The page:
But the short point that I want to make is something different. Was Hailey one of the most talented and versatile writers of his times? All the books that he wrote belonged to different industries. Mind you. You take a lifetime to imbibe knowledge and experiences of a particular industry which he did in three years and in that manner he was a genious. And he wasnt a student of any business school and so he didn’t have that business school instincts for any natural insights. He was a flight lietenant who had taken retirement.

    I will corrobaorate my point with the list of his diversified books as below:

  • FINAL DIAGNOSIS 1959- about medicine world
  • IN HIGH PLACES 1962- about politics and career of a Canadian Prime Minister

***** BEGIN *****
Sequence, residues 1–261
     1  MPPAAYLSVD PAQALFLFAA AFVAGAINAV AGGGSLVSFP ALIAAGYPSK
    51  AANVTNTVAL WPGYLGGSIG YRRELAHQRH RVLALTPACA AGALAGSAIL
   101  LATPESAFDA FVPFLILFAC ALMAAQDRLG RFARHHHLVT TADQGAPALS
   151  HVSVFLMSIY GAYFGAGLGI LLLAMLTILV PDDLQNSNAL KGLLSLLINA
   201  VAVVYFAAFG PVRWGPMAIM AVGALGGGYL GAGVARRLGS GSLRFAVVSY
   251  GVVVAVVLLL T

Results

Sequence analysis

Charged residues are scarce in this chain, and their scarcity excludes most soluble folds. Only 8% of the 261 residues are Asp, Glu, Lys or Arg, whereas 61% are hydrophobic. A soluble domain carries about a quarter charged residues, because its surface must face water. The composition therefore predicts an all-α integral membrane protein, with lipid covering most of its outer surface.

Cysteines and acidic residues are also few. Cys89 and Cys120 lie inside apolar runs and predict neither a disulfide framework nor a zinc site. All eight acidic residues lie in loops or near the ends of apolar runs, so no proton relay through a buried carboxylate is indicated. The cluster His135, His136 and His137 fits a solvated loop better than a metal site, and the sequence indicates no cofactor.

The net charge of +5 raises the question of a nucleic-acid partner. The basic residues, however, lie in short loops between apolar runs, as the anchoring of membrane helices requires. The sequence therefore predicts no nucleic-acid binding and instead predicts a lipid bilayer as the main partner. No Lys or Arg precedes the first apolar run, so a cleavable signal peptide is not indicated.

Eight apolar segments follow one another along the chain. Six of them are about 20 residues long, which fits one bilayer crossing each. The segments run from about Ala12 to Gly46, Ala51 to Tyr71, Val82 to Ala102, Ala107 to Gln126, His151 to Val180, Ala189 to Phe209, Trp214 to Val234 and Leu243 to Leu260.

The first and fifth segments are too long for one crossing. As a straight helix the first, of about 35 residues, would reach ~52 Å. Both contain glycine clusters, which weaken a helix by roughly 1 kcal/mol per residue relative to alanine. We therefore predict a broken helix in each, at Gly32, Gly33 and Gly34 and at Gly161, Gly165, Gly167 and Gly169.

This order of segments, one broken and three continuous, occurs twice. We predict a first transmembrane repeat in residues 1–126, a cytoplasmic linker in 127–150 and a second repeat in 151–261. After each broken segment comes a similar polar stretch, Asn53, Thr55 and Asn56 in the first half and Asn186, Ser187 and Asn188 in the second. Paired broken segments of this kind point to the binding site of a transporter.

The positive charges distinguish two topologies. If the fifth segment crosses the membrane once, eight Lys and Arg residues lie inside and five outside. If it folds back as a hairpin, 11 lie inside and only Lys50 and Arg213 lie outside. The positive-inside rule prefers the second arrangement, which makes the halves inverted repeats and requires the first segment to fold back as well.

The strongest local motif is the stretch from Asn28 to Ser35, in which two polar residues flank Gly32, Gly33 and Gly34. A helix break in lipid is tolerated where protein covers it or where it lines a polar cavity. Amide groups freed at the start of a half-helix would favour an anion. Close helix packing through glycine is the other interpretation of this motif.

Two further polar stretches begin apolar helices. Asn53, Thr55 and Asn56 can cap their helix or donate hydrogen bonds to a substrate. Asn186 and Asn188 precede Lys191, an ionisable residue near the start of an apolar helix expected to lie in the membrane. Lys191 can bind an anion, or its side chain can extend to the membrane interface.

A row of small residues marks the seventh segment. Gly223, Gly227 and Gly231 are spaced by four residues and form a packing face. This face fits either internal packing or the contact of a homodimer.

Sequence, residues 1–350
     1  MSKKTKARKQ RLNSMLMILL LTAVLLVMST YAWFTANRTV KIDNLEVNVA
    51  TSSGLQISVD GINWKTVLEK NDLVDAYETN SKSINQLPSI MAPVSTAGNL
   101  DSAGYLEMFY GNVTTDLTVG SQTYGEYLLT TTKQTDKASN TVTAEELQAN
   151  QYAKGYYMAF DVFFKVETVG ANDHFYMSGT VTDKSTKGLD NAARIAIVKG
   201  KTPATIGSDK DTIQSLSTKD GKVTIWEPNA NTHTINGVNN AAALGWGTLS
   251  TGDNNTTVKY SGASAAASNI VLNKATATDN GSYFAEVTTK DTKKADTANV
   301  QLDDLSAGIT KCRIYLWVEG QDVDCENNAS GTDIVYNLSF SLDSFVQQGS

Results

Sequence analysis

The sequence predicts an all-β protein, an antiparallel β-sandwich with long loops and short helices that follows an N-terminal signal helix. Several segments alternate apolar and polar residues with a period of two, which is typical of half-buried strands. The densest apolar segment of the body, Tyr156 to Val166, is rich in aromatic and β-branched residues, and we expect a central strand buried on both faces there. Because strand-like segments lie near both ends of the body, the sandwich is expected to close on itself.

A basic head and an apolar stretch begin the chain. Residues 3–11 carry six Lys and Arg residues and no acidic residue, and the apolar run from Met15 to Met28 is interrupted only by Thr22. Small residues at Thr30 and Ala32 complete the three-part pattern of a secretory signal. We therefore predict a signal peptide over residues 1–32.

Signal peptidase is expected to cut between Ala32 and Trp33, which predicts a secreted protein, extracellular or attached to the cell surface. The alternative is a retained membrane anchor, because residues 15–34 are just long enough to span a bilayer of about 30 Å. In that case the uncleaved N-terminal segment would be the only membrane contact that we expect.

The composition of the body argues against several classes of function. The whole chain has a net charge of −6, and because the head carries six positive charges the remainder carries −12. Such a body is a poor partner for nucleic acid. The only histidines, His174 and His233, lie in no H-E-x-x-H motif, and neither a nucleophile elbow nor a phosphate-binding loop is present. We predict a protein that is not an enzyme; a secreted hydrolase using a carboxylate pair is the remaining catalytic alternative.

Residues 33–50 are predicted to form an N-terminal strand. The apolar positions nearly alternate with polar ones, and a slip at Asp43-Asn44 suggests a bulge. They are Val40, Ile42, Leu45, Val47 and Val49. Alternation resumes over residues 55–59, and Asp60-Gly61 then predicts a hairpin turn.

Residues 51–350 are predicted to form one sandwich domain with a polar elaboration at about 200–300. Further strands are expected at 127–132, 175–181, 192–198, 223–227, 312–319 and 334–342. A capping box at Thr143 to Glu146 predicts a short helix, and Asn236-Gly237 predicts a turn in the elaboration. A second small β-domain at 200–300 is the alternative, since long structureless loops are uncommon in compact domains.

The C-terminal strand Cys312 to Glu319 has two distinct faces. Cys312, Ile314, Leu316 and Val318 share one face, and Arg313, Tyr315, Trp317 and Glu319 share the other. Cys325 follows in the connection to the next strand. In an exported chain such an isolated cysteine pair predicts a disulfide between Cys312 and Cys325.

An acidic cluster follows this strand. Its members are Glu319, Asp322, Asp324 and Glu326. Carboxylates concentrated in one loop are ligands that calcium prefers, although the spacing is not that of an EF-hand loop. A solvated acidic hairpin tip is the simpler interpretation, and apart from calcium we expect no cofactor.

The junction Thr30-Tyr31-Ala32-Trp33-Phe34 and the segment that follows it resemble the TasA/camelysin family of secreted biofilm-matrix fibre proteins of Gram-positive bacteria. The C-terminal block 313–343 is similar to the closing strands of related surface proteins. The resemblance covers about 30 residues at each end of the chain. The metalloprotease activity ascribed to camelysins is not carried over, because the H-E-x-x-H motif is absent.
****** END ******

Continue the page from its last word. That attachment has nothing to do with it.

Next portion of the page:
• HOTEL 1965—about hotel industry
  • AIRPORT 1968—about running of airports
  • WHEELS 1971—about auto industry
  • MONEY CHANGERS 1975—politics inside a major bank
  • OVERLOAD 1979—about electricity production
  • STRONG MEDICINE 1984—about pharmaceutical industry
  • EVENING NEWS 1990—about media industry
  • DETECTIVE 1997—about a Miami police detective

    All his books were bestsellers and all pertained pertain to different industries and therefore writing them was no mean feat.

    Today, you find many established authors restricting themselves to a single theme or genre or at times even sequels. With that logic Arthur Hailey has written on a whole lot of themes and industry that are poles apart. So don’t you think he is the most versatile story teller of his times?

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By Kamlesh Tripathi